The Senate on Wednesday unanimously approved a bill, introduced by Democrat Leonidas P. Raptakis of Coventry, that would stiffen penalties for drunken driving. The measure now goes to the House, which is already considering a slightly different version.

Driving under the influence, death resulting, would bring a maximum penalty of 30 years in prison and $20,000 in fines; the current maximum is 20 years and $20,000.

Driving under the influence, serious bodily injury resulting, would carry a maximum of 20 years and $10,000; currently the maximum is 10 years and $5,000.

Driving under the influence, personal injury resulting, could bring two years in prison; currently there is no maximum penalty prescribed.

3-knockdown rule is KO’d

The Senate on Wednesday voted to repeal a law that requires a boxing referee to end the match if one of the contenders suffers three knockdowns in a single round. The measure now goes to the governor. Only Rhode Island and Arkansas still impose the three-knockdown rule, according to Sen. Francis J. Maher Jr., R-Charlestown, who sponsored the Senate version of the bill.

Mixed martial arts OK’d

Mixed martial arts fighting moved one step closer to becoming a state-approved sport after the state Senate approved legislation on Wednesday regulating the increasingly popular form of hand-to-hand combat that combines elements of wrestling, boxing and street fighting. The measure now goes to the governor.

The bill, The Senate version of which was sponsored by Dominick J. Ruggerio, D-Providence, designates the Department of Business Regulation’s Division of Racing and Athletics as the regulatory agency for the sport, which is already legal in Massachusetts.

Also known as ultimate fighting or “cage fighting,” mixed martial arts grew in popularity beginning in the 1990s. Critics have condemned it as “human cockfighting.”

Said Sen. Edward J. O’Neill, I-Lincoln: “I find it interesting that you put two dogs in a cage, and it’s illegal. But you put two people in a cage and it’s legal in some states.”

Sen. Maryellen Goodwin, D-Providence, responded: “It’s not as vicious as it might sound.”

Bill on judge-screening panel fails

The Senate, after heated debate on Wednesday, rejected a proposal to require that Judicial Nominating Commission members step down immediately after their four-year terms expire.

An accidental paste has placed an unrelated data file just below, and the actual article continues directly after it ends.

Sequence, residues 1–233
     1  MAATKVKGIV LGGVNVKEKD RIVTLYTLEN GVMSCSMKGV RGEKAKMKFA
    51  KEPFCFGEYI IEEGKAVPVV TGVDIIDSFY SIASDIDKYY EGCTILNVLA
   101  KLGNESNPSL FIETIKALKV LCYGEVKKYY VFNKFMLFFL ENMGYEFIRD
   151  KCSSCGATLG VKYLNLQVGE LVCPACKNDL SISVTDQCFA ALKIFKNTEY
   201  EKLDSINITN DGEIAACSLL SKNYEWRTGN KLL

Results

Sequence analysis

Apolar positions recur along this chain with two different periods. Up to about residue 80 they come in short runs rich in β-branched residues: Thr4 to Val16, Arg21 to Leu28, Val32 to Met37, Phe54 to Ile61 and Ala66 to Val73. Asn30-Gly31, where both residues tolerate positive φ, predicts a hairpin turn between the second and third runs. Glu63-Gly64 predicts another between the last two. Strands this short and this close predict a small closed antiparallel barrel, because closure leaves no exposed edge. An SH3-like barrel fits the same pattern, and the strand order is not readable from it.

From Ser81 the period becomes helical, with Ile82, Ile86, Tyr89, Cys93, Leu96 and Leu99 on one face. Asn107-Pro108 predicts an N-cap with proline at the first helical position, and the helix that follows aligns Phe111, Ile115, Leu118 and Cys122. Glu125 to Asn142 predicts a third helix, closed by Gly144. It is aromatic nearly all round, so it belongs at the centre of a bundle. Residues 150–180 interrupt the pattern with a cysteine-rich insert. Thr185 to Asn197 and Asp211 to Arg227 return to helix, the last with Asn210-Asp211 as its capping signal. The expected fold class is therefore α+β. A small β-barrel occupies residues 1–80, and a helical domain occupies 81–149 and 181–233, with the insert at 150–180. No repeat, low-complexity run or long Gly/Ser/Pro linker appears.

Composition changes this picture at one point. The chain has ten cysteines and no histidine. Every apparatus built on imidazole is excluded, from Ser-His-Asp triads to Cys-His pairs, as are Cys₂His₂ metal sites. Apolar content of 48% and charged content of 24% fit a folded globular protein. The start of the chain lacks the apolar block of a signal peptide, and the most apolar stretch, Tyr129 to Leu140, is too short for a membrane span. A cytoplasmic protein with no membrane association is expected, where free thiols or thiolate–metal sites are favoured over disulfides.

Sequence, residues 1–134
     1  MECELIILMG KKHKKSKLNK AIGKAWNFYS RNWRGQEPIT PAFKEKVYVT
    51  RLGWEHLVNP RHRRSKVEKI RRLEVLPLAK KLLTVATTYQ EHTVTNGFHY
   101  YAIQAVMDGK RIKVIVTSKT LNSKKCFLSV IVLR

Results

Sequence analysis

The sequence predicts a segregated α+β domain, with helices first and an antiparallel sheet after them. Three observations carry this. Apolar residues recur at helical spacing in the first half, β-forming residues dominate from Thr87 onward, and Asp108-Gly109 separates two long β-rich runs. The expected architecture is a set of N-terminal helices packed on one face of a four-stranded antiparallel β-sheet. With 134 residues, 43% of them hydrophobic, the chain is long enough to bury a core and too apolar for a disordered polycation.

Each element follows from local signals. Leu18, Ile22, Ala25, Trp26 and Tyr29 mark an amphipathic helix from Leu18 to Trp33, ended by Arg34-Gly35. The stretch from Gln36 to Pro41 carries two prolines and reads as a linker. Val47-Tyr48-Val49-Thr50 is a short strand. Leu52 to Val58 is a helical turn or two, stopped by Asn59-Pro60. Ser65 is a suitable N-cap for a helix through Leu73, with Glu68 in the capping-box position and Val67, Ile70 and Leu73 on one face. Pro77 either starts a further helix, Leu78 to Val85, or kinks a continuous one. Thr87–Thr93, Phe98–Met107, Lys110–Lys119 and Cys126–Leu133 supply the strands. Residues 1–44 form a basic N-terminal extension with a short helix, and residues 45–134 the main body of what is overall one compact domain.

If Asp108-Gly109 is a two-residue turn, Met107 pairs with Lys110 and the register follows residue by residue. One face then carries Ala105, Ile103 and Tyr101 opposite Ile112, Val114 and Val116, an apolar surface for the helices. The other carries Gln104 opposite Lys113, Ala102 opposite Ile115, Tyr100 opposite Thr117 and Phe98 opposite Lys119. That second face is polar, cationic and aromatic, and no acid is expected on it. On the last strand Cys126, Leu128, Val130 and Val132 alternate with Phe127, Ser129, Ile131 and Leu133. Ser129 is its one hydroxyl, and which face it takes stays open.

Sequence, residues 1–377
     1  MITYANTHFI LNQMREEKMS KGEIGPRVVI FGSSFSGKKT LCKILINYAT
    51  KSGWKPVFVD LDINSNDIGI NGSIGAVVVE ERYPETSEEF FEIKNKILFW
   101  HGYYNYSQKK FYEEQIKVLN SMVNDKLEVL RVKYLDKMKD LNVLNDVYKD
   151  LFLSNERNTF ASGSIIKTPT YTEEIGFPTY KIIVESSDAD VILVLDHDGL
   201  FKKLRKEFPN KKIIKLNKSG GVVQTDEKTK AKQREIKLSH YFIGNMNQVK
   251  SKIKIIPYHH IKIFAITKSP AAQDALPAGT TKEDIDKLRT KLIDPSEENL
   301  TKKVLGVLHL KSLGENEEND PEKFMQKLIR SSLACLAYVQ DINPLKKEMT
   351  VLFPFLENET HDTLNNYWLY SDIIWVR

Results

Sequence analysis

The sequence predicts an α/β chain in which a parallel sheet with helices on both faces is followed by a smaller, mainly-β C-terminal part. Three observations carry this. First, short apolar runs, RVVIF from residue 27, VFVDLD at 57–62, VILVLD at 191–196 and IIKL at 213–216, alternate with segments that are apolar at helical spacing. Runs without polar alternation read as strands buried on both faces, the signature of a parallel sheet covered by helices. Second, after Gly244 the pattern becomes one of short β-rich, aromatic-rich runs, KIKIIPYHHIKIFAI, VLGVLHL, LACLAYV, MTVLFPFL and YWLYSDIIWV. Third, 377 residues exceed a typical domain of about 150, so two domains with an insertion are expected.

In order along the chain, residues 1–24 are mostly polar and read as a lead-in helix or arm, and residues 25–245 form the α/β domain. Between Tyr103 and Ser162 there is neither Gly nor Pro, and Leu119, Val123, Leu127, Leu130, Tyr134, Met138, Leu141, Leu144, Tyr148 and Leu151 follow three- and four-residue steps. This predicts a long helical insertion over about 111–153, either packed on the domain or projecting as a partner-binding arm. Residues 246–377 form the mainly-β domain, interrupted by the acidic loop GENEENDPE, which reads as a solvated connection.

The measure was sponsored by Sen. James C. Sheehan, D-Narragansett. While the nine members of the board — which recommends judgeship candidates to the governor — are restricted to one term, Sheehan said many are serving well past the end of their terms because the governor has not appointed successors. The lack of new members, he argued, has contributed to delays in vacancies in the state judiciary.

But other senators said Sheehan’s proposal would run afoul of the state Constitution, which stipulates that officials — elected or appointed — serve until replaced.

Roberti confirmed for PUC

The Senate on Wednesday confirmed Governor Carcieri’s appointment of Paul J. Roberti, a former assistant attorney general, to the Public Utilities Commission.

Roberti, former chief of the attorney general’s Public Utilities Regulatory Unit, succeeds Robert Holbrook, who did not seek another six-year term on the PUC.

Carcieri, in nominating Roberti, said he would “bring a stronger advocacy and representation of the interests of ratepayers and citizens.”

These General Assembly news items were compiled by staff writers Philip Marcelo and Lynne Arditi.


Published in: on June 25, 2009 at 10:05 am  Leave a Comment  
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Senate to vote on bills against prostitution, sex-trafficking

The Senate is expected to vote this week on two bills designed to strengthen the laws against prostitution and sex-trafficking.

A measure (S-596) introduced by Sen. Paul V. Jabour, D-Providence, to make indoor prostitution a crime “will come up for a vote this session,” Senate President M. Teresa Paiva Weed pledged Tuesday.

Rhode Island is the only place in the country, other than certain counties in Nevada, where indoor prostitution is not a crime.

“I believe that law enforcement sees this as a loophole and we’re addressing this,” Paiva Weed said.

Jabour’s bill is awaiting a vote in the Senate Judiciary Committee.

A separate bill, introduced in the House by Rep. Joanne M. Giannini, D-Providence, passed the Senate in May by a vote of 62 to 8.

Meanwhile, the Senate also is expected to take up legislation as early as Wednesday to strengthen the laws against sex-trafficking in minors.

That measure (S-605 Sub A), introduced by Sen. Rhoda E. Perry, D-Providence, had been scheduled for a vote on the Senate floor Tuesday but was postponed to give senators a chance to review some last-minute changes.